The majority of national and regional tenant leases contain some sort of tenant-negotiated restriction. It may be an exclusive use, or a specific prohibited use in the center (no educational facilities), or a site line restriction, or a restriction against a type of use within x feet of the premises (no food uses within 200’ of the premises), and any of the other myriad restrictions that are important to tenants. Often times, if a restriction is violated, a remedy kicks in – tenant will pay the lesser of x% of sales or minimum rent, or 50% of minimum rent, or even no rent – until the condition is cured (and it may actually ultimately result in the right to terminate if the condition is not cured within x months).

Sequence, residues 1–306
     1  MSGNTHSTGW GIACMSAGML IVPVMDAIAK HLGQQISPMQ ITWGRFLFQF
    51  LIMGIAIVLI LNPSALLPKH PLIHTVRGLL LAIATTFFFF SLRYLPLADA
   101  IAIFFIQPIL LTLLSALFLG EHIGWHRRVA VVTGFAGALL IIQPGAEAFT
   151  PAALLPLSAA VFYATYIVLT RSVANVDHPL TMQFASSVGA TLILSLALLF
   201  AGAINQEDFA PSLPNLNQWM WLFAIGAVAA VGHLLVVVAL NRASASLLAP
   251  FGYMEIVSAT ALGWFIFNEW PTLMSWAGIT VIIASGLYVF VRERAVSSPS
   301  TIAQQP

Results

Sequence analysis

This week, a novel remedy was included in one of the leases. If a violation is not cured within 90 days of notice to landlord of the violation, the tenant has the right to pay either 2% of Gross Sales, or “Minimum Rent … less the … rental paid by the tenants … using their premises for the Prohibited Use or Restricted Use for such period.. ”
“Minimum Rent … less the … rental paid by the tenants … using their premises for the Prohibited Use or Restricted Use for such period.. “
It really is a brilliant clause (for the tenant!). If a landlord allows a larger tenant to come in and violate the restricted or prohibited use, it is possible the tenant may not be required to pay any rent. If a smaller tenant comes in and violates it, they would see a proportionate reduction in rent.
While it may not be appropriate in every case, there really is no limit to leasing agents’ creativity.